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beauty beneath bird blue break breast breath breeze bright brow close cloud cold comes dark dead death deep departed dream earth face fair falling feel fields fire flowers forest gaze gentle give glory glow gone grave gray green hand hath hear heard heart heaven hills hope hour lake land leaves light living lone look meet morning mountain Nature never night notes o'er ocean once pale pass past prayer rest rise rock roll round seen shade shore side silent sleep smile soft song soul sound spirit spread spring stars storm strange stream summer sweep sweet tears thee thine things thou Thou art thought tone tree turn voice watch waters waves wild winds wing woods young youth
161 psl. - TO A WATERFOWL Whither, midst falling dew, While glow the heavens with the last steps of day, Far, through their rosy depths, dost thou pursue Thy solitary way? Vainly the fowler's eye Might mark thy distant flight to do thee wrong, As, darkly painted on the crimson sky, Thy figure floats along.
15 psl. - Take the wings Of morning, and the Barcan desert pierce, Or lose thyself in the continuous woods Where rolls the Oregon, and hears no sound Save his own dashings yet the dead are there ! And millions in those solitudes, since first The flight of years began, have laid them down In their last sleep the dead reign there alone.
15 psl. - Will share thy destiny. The gay will laugh When thou art gone, the solemn brood of care Plod on, and each one as before will chase His favorite phantom; yet all these shall leave Their mirth and their employments, and shall come And make their bed with thee.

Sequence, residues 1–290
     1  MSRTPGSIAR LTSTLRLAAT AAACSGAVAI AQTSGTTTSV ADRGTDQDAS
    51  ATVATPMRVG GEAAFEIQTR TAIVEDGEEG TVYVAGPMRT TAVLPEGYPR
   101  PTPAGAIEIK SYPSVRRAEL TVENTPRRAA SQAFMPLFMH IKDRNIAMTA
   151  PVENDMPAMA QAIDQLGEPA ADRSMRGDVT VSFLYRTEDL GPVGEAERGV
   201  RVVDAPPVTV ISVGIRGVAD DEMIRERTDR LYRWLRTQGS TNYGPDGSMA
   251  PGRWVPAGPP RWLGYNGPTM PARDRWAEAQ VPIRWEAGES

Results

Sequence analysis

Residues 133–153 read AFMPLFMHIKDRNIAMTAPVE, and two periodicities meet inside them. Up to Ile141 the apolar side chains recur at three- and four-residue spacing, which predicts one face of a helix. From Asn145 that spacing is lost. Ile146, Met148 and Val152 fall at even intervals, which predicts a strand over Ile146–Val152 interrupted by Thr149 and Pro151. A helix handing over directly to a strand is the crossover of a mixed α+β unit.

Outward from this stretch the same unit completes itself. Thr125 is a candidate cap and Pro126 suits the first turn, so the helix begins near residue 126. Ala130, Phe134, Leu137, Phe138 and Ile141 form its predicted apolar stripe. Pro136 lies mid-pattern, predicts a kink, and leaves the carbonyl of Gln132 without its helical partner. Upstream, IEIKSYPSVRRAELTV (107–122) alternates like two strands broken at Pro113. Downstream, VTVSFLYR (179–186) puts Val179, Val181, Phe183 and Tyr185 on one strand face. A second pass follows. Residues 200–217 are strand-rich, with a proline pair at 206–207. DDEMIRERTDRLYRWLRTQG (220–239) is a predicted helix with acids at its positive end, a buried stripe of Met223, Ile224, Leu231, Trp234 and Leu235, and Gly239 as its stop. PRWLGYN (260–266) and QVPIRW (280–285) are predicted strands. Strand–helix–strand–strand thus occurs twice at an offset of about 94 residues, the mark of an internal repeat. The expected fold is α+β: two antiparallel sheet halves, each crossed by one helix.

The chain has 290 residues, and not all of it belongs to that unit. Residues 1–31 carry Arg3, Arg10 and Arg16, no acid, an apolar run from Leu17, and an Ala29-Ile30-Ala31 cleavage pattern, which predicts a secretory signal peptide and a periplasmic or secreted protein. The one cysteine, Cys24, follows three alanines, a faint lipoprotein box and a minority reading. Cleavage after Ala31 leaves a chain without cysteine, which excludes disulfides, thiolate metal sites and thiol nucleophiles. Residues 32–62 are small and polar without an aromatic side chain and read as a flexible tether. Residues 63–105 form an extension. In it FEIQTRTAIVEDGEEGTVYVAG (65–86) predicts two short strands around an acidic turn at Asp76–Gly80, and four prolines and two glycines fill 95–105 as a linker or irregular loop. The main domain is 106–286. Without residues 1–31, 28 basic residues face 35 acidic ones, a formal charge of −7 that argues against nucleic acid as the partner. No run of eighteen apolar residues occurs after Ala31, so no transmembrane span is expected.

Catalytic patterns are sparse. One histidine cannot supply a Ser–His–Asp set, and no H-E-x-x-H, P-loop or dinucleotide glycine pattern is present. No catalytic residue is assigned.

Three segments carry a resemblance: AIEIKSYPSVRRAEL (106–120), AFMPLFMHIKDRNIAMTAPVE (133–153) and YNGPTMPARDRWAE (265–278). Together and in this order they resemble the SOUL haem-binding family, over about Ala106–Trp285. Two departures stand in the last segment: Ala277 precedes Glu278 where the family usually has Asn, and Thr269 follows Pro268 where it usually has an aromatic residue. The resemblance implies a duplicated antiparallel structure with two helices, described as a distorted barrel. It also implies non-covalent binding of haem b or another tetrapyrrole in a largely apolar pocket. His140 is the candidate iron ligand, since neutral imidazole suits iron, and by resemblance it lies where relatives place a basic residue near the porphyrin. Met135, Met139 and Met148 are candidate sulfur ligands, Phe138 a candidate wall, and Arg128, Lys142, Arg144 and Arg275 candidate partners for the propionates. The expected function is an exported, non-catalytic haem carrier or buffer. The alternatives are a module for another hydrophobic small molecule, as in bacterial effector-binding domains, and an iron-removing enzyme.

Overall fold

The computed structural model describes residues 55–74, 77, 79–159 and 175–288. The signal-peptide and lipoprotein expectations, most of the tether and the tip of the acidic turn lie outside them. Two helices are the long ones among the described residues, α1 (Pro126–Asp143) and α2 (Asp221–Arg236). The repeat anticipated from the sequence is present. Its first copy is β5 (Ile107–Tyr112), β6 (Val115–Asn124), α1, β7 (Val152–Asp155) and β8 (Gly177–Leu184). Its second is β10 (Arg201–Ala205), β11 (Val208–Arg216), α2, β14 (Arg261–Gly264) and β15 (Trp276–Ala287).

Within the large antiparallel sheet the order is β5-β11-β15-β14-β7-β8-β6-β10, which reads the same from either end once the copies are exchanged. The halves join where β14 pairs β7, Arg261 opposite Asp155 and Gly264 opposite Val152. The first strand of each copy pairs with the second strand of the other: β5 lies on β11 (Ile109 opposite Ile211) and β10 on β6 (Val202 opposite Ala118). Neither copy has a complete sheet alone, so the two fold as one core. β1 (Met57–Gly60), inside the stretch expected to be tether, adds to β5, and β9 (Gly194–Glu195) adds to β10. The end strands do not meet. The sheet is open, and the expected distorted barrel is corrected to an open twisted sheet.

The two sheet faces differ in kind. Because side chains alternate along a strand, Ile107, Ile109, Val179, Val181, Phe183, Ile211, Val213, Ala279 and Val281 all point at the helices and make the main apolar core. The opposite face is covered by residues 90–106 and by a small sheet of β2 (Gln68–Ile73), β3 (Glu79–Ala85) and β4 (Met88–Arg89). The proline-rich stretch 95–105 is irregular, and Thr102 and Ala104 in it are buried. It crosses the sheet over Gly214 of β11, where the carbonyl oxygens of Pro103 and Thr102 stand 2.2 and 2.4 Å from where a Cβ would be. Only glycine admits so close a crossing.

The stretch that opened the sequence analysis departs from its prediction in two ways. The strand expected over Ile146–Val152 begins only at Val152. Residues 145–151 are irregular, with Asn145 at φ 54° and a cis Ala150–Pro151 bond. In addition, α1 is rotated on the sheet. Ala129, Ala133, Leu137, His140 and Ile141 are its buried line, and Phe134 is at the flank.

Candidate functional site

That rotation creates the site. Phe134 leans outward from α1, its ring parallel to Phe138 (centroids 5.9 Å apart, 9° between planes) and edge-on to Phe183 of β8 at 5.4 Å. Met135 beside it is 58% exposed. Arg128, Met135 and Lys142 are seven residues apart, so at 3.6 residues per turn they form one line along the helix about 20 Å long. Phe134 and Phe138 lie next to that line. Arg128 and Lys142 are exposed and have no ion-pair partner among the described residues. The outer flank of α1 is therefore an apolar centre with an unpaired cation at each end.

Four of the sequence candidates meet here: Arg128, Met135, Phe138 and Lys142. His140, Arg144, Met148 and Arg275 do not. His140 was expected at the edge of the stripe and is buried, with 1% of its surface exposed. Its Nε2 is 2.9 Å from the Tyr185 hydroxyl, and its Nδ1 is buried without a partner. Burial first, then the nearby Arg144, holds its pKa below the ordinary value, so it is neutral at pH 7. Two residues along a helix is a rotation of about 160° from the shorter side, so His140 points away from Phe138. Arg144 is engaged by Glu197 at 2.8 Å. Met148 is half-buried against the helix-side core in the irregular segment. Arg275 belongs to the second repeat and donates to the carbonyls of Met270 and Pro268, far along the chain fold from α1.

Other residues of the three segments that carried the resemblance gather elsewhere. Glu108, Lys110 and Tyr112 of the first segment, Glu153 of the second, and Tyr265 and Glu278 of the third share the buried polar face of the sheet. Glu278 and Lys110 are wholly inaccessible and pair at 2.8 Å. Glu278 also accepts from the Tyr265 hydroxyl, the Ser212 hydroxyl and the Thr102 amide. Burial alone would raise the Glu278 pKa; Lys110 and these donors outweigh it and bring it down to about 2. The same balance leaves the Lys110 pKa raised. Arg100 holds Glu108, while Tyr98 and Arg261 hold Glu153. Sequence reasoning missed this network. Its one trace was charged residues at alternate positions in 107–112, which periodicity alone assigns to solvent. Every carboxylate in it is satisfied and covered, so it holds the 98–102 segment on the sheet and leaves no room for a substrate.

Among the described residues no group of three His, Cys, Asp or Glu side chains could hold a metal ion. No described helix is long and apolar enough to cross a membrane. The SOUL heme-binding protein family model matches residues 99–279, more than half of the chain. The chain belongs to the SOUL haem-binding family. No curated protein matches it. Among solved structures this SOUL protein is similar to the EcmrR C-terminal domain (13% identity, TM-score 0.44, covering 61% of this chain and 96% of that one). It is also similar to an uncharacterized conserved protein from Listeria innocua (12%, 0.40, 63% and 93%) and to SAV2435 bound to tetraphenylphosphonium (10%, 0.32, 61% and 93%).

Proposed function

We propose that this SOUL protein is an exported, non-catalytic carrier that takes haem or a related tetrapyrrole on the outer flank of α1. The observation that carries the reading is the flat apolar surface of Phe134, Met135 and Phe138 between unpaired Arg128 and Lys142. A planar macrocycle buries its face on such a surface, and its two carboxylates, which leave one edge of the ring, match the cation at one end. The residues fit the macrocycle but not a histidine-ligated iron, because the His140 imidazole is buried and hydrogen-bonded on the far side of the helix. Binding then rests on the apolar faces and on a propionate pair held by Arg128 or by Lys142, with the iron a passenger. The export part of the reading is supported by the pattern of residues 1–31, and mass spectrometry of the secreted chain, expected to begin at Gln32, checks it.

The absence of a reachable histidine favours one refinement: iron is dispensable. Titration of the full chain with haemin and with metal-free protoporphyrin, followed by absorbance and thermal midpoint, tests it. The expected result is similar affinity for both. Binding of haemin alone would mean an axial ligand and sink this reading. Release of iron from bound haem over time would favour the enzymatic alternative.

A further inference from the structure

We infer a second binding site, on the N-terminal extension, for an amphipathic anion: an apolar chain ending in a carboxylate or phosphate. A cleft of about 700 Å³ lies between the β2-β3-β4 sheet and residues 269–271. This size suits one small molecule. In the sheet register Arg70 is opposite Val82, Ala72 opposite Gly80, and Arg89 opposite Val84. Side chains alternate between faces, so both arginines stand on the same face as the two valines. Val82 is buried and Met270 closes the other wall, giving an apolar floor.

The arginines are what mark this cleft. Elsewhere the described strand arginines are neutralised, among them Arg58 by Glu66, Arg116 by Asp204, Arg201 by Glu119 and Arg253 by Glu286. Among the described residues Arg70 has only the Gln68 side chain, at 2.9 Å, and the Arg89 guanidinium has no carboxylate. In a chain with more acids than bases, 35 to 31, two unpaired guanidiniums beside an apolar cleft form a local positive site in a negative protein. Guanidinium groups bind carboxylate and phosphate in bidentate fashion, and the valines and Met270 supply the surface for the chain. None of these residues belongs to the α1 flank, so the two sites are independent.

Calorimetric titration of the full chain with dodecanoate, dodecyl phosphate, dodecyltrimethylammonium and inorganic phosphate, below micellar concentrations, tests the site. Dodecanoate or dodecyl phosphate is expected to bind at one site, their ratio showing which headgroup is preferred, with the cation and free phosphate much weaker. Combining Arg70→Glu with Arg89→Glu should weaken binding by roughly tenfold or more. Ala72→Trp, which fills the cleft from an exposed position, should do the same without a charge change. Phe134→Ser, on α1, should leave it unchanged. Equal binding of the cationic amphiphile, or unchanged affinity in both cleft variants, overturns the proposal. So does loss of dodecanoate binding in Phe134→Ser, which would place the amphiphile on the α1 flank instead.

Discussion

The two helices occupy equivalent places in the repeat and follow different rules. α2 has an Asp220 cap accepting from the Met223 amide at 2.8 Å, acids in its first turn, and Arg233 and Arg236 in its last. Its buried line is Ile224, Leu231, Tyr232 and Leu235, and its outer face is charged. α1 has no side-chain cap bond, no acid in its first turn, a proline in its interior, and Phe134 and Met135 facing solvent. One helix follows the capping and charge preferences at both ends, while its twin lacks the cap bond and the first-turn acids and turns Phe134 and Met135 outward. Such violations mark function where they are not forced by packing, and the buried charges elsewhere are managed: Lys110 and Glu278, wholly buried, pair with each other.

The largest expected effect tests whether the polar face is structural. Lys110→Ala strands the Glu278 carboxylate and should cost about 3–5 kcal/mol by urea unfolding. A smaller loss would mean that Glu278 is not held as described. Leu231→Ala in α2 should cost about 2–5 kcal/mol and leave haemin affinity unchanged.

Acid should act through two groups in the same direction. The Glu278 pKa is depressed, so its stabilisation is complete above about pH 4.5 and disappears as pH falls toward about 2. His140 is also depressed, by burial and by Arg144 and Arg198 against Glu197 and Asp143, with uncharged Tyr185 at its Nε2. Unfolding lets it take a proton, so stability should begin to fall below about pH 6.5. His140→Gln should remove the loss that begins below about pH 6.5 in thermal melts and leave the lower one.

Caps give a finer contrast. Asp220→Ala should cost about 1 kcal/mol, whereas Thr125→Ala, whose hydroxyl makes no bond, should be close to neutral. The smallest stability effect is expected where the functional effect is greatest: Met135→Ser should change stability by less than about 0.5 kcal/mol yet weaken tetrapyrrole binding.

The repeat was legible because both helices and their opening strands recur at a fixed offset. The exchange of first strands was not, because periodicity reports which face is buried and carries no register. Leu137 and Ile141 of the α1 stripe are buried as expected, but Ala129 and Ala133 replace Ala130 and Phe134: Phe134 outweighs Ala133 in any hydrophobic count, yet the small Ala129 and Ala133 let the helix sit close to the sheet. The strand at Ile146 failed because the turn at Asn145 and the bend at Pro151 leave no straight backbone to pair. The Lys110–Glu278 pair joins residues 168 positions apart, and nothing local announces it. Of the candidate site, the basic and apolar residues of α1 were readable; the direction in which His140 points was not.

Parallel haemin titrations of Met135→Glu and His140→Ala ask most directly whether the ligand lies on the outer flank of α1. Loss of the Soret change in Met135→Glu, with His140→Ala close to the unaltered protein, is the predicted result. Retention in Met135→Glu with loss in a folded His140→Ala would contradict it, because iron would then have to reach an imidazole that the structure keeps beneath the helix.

139 psl. - In happy homes he saw the light Of household fires gleam warm and bright; Above, the spectral glaciers shone, And from his lips escaped a groan, Excelsior! "Try not the pass!
83 psl. - He needs must think of her once more, How in the grave she lies ; And with his hard rough hand he wipes A tear out of his eyes. Toiling, rejoicing, sorrowing, Onward through life he goes ; Each morning sees some task begin, Each evening sees it close ; Something attempted, something done, Has earned a night's repose.
147 psl. - And now, when comes the calm mild day, as still such days will come, To call the squirrel and the bee from out their winter home ; When the sound of dropping nuts is heard, though all the trees are still, And twinkle in the smoky light the waters of the rill, The south wind searches for the flowers whose fragrance late he bore, And sighs to find them in the wood and by the stream no more.
15 psl. - So live, that when thy summons comes to join The innumerable caravan, that moves To that mysterious realm, where each shall take His chamber in the silent halls of death, Thou go not, like the quarry-slave at night, Scourged to his dungeon, but, sustained and soothed By an unfaltering trust, approach thy grave, Like one who wraps the drapery of his couch About him, and lies down to pleasant dreams.
73 psl. - The fan-coral sweeps through the clear, deep sea ; And the yellow and scarlet tufts of ocean Are bending like corn on the upland lea. And life, in rare and beautiful forms, Is sporting amid those bowers of stone, And is safe when the wrathful spirit of storms Has made the top of the wave his own.
233 psl. - My Lord has need of these flowerets gay," The reaper said, and smiled ; "Dear tokens of the earth are they, Where he was once a child. " They shall all bloom in fields of light, Transplanted by my care, And saints, upon their garments white, These sacred blossoms wear.